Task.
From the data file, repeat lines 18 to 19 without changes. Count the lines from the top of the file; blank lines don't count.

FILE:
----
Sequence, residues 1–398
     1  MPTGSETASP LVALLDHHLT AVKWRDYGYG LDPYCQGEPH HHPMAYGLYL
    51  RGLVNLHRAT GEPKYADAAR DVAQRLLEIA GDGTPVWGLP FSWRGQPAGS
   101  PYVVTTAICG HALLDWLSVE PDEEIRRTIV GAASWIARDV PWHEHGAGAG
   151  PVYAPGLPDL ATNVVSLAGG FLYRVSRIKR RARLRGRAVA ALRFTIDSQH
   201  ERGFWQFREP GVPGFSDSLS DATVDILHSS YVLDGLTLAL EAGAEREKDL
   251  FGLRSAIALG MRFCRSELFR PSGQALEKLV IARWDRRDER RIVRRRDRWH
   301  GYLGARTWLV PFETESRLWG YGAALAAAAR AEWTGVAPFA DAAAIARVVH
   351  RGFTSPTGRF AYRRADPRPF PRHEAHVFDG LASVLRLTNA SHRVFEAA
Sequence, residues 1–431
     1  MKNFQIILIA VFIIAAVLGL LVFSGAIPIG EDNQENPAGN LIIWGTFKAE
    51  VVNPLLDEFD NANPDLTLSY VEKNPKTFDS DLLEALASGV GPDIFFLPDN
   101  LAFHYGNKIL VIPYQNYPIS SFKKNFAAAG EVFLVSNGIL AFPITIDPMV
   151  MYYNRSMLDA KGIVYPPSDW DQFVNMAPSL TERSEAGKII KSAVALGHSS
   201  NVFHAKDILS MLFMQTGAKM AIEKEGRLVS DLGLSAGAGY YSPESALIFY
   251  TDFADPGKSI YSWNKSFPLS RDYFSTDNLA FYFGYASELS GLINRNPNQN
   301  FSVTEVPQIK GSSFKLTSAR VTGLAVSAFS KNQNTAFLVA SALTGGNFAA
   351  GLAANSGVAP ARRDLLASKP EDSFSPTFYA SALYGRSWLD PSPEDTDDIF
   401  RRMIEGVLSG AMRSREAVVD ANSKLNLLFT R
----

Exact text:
   351  GLAANSGVAP ARRDLLASKP EDSFSPTFYA SALYGRSWLD PSPEDTDDIF
   401  RRMIEGVLSG AMRSREAVVD ANSKLNLLFT R